Burger King and Tim Horton's are joining forces in a $11.4 billion deal. While this is a major powerhouse of a merger, Burger Horton (King Tim?) still has a long way to go to make a dent against their competitors. On a conference call with press today, executives pushed growth, growth, and more growth — and apparently, franchise owners already have phones ringing. 

Here's a chart showing how many locations each of the major fast food competitors has, including Burger King and Tim Horton's on their own, and now combined:

Subway and McDonald's have long been neck-and-neck in the race for the most fast food locations. Yum Brands owns a variety of chains, including KFC, Taco Bell, and Pizza Hut, so that big number is not all in one chain.

Tim Horton's, on the other hand, is small fries, beating out only Chipotle and Panera Bread, minor and higher-priced food chains that often offer ample seating indoors and wireless workspaces. 

On the press call, executives stressed international brand growth. Burger King noted that just last year, they grew by 700 stores by working with franchise owners in Latin America and Eastern Europe. They hope to take their methods of franchising to Tim Horton's. Tim Horton's executives also noted their franchise system works well. However, Burger King franchises simply require more cash to start.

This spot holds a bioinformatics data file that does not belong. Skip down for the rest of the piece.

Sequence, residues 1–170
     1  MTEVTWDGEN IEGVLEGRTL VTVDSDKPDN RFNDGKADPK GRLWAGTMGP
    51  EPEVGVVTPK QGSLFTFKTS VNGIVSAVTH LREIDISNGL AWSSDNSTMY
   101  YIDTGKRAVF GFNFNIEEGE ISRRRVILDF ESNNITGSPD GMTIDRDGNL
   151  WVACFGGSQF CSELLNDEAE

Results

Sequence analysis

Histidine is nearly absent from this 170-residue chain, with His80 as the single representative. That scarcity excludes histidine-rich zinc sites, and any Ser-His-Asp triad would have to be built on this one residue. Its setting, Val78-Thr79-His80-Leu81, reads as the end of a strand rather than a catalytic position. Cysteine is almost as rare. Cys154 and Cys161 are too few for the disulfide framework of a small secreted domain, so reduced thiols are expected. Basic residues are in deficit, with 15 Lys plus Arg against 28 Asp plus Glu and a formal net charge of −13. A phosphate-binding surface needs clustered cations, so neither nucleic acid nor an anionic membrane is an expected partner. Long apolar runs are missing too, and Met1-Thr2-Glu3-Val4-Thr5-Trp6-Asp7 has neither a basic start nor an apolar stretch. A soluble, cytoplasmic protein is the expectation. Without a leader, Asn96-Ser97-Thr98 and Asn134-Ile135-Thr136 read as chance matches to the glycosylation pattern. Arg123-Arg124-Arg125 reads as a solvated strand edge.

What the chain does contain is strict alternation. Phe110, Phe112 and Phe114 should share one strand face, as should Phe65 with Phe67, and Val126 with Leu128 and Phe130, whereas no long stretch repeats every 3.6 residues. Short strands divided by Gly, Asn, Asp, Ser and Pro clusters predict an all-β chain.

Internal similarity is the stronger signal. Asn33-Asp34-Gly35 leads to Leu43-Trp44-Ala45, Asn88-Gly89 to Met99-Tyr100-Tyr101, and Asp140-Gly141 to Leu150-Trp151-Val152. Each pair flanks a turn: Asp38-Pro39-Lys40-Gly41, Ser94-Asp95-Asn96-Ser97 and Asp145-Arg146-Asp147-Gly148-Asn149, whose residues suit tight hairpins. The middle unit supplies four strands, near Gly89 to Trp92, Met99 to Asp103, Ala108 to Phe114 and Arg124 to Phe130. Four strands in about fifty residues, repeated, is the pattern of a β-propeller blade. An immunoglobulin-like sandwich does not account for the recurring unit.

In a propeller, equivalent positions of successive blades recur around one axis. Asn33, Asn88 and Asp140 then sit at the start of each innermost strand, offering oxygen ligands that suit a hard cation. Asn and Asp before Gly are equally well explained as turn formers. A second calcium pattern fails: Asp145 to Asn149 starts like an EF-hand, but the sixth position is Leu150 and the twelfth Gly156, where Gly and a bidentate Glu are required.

For Tim Horton's, the cost of a Canadian franchise is about $500,000 Canadian Dollars, which is about $456,000 USD. It requires a net worth of about $500,000 CAD and liquidity of $300,000 CAD. On the other hand, Burger King's total franchise cost is about $1.4 million. The net worth requirement is $1.5 million, with $500,000 in liquid assets. Even with those costs, both companies mentioned that "phones are ringing" when it comes to existing franchisees wanting to cross over into new territory. 

The differences in standards for franchising can affect how Tim Horton's owners could also become Burger King owners. However, it is a simpler transition for BK owners seeking to open up a coffee shop. This could allow Tim Horton's to grow in a meaningful way in the United States. 

While the prices are quite different and Burger-Horton has a long way to go to compete with the big boys of fast food nation, their fundamental franchising model already lines up perfectly. Several years ago, Burger King converted almost all their shops to franchises. Only 52 BK restaurants are still company-owned, and only 18 for Tim Horton's. This model allows the Home of The Whopper to benefit from an almost 90 percent gross profit margin, and while Tim Horton's is not quite that high, hopefully the joint force could allow both companies to reap the benefits of nearly perfect margins.